Using the Psychology of Emotional Selling to Promote Your Product
Competition among businesses that sell products and services within the “cloud” is now more intense and cutthroat than it has ever been. The ability of a business to effectively use the power of emotional persuasion in writing sales copy is essential to its long-term viability. When a company needs to hire a writer, it is imperative that they find a copywriter who has a keen understanding of emotional selling techniques as well as the skills to craft dynamically persuasive and memorable sales copy .
Consumers are the epitome of what it is to be a human being. Persistently seeking a sense of security and gratification, humans as consumers are naturally attracted to things with which they can easily understand, identify and empathize. Over a century ago, when companies began marketing mass-produced products, they quickly realized the power of accessing human emotions in regards to selling products. Consequently, early advertisements reflected poignant images of children and women that were intensified by connotative rather than denotative product descriptions. Although the images and words found in today’s modern advertisements present obvious differences from those of a century ago, the concept of persuasion through emotionally connecting with consumers remains the same. A company looking to hire a writer who claims to be a copywriter should make sure that the copywriter is experienced with using this concept.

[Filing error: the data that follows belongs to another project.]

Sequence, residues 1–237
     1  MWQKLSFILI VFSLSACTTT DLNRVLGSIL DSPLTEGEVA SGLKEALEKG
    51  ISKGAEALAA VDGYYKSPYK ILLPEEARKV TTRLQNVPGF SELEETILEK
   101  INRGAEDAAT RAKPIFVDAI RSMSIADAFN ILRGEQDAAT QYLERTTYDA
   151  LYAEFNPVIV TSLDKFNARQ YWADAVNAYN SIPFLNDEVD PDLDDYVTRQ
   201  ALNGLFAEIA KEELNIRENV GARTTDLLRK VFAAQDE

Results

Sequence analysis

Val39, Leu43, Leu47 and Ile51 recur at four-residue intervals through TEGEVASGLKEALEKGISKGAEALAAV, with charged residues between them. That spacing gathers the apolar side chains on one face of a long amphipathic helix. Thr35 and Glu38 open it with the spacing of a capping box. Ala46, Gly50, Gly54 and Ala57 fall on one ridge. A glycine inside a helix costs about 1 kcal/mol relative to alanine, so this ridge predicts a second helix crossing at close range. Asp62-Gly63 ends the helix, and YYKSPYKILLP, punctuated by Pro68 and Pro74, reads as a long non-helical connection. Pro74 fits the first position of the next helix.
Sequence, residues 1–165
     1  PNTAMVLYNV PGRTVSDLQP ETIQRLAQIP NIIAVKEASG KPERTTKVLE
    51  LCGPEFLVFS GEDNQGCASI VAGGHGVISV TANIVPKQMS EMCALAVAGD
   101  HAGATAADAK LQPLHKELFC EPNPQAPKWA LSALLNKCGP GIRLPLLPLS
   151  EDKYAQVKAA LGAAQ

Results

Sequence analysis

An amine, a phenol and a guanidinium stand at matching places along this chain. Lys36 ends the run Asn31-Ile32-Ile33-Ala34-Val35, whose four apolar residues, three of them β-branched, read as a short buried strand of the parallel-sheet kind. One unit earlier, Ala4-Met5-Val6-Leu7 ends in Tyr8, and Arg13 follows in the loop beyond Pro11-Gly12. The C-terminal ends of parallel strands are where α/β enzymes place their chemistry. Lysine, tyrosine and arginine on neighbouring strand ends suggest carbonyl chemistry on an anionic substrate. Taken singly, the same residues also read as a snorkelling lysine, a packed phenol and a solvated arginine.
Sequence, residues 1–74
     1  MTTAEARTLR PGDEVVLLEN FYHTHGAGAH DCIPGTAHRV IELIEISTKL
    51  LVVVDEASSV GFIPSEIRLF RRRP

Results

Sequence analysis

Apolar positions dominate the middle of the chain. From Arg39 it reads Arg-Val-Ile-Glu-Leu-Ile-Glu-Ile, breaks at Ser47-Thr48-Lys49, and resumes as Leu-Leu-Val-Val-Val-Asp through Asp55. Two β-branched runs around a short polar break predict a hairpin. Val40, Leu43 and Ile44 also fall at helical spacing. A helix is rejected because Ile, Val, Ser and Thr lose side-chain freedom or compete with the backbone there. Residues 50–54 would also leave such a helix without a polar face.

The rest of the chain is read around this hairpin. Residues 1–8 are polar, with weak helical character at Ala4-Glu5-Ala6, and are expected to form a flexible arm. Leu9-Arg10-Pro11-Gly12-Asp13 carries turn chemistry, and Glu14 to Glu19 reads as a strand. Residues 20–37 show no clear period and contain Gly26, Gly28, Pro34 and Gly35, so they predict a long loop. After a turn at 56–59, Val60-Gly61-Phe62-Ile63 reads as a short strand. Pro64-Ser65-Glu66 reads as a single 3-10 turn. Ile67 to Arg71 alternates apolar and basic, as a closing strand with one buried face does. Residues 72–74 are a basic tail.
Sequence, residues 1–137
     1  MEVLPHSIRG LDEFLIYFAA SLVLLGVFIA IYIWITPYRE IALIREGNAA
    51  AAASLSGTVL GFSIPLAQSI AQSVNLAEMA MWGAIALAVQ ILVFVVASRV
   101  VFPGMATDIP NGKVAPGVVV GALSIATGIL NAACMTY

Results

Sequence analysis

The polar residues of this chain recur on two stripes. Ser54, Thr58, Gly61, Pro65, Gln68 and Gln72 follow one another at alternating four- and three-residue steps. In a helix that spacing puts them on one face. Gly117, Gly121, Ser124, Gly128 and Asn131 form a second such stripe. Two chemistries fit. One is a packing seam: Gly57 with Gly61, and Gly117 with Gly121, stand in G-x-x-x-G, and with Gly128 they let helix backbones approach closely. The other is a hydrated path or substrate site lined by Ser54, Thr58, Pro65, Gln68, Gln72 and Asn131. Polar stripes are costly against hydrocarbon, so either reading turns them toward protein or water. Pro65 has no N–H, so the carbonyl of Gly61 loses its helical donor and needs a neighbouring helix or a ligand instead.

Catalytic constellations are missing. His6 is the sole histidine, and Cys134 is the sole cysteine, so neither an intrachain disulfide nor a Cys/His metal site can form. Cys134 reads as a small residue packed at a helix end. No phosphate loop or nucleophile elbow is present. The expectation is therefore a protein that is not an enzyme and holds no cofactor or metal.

Descriptive Copywriting vs. Emotional Selling
While consumers want to see a picture of the product in which they are interested, they also want to read about the product’s specifications to determine whether it suits their needs. This kind of “descriptive” copywriting is based on facts about the product and contains only necessary words. For example, a simple description of a digital camera consists of information about its shutter speed, lens type and video capabilities. All words used in a product description are denotative, or words that impart no other meanings other than a one-dimensional definition intended to educate.
However, this description does nothing to persuade the consumer to purchase the product because it does not appeal to his or her emotions. Rarely does a person make a decision based solely on rational analysis of a situation. Instead, we tend to rely on immediate feelings that are closer to the surface of our awareness and easier to process.
Famous behavioral psychologist John B. Watson once asserted that effective advertising must provoke three basic human emotions–fear, anger and love–before consumers can be persuaded to consider purchasing a service or product. Selling something using connotative words also facilitates the ability for a consumer to remember the product. Connotative words are words that present a generic definition but also have socio-cultural or personal meanings that cause people to view it out of context. Examples of connotative words include “slovenly”, “ugly”, and “immature”. Now substitute “slovenly” with “untidy”, “ugly” with “unattractive” and “immature” with “young”. Notice the difference in the emotions and images elicited by connotative words over the less evocative, denotative words? So would a potential customer reading sales copy containing connotative, implicative words.
Kimberly M is a freelance writer available on WriterAccess, a marketplace where clients and expert writers connect for assignments.